The far-right was responsible for the majority of America’s extremist killings in 2017

An emerging problem.
An emerging problem.
Image: Reuters/Johnny Milano
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There was a dramatic surge in white supremacist violence in 2017.

White supremacists and other far-right extremists were responsible for 59% of all extremist-related fatalities in the US in 2017, according to the Anti-Defamation League’s (ADL) Center on Extremism. The ADL’s annual report—“Murder and Extremism in the United States in 2017”— found that the number of murders conducted by white supremacists US more than doubled last year, compared to 2016.

A spokesperson for the ADL explains that the report “looks at known murders or killings by perpetrators associated with domestic extremist movements. We are not accounting for all acts of violence, such as mass shootings.” However, if a mass shooting, such Charleston or San Bernardino, was found to be linked to an extremist movement and resulted in death, then the ADL would include it.

In total, extremists killed at least 34 people in 2017. The far-right accounted for 59% of these deaths, or 20 deaths. The report linked several killings to the alt-right movement, which expanded and moved its operations from the internet into the physical world last year. The chaos in Charlottesville, where a counter-protester, Heather Heyer, was killed and dozens were injured after a car driven by a white supremacist plowed into a group of pedestrians, marked the return of neo-Nazi street confrontations. The shift in tactic raises “the likely possibility of more such violent acts in the future,” the report notes.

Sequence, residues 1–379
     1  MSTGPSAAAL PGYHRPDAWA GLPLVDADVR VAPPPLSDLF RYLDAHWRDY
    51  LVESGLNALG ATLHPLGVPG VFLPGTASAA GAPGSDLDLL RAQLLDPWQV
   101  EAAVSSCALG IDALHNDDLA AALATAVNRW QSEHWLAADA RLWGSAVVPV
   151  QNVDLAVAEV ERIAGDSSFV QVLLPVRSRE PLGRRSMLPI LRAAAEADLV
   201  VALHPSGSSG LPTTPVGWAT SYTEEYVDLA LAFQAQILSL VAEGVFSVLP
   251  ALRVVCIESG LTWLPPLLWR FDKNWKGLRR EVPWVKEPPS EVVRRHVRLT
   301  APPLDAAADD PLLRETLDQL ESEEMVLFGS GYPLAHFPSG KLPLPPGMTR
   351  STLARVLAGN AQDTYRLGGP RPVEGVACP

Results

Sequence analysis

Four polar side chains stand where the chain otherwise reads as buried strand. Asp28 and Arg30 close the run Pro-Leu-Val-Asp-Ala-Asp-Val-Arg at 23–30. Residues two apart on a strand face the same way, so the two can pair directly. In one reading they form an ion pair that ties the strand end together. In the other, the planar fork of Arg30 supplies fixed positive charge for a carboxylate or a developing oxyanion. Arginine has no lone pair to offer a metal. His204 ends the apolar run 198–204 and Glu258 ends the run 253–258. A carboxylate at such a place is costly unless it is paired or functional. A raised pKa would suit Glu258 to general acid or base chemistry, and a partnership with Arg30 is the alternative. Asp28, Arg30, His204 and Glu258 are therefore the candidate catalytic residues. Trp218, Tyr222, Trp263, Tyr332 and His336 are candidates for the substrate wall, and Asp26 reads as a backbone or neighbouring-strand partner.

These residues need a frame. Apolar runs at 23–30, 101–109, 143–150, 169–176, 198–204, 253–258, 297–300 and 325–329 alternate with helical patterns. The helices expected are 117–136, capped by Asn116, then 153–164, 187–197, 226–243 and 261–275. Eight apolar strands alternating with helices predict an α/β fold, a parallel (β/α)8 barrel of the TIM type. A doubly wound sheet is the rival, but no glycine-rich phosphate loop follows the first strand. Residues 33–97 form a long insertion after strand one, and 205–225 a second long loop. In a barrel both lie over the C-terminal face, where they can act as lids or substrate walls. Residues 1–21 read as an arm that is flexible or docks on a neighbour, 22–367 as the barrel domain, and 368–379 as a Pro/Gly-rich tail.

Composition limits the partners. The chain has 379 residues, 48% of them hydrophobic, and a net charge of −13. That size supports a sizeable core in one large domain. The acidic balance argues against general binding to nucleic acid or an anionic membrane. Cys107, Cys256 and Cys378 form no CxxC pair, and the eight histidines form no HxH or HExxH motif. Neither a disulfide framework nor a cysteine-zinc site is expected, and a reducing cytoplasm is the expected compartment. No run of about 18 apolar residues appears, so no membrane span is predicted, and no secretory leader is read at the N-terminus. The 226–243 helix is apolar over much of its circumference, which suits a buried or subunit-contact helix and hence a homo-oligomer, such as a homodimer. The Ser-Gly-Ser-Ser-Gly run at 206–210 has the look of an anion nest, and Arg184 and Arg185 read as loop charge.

Over the last decade, 71% of domestic extremist related killings in the US were linked to right-wing extremists, while Islamic extremists committed 26% of the killings, the report notes. An Islamic extremist committed the single deadliest incident in 2017: the New York City vehicle ramming attack killed eight people. Left-wing extremists and those who didn’t fall in the previous two categories carried out the other 3% of deaths. 2017 was the second year in a row in which black nationalists committed murders in the US.

Overall, there was a marked decline in the number of extremist killings last year from the much higher total fatalities recorded in 2016 and 2015. That said, the report describes 2017 as fifth deadliest year for extremist violence since 1970.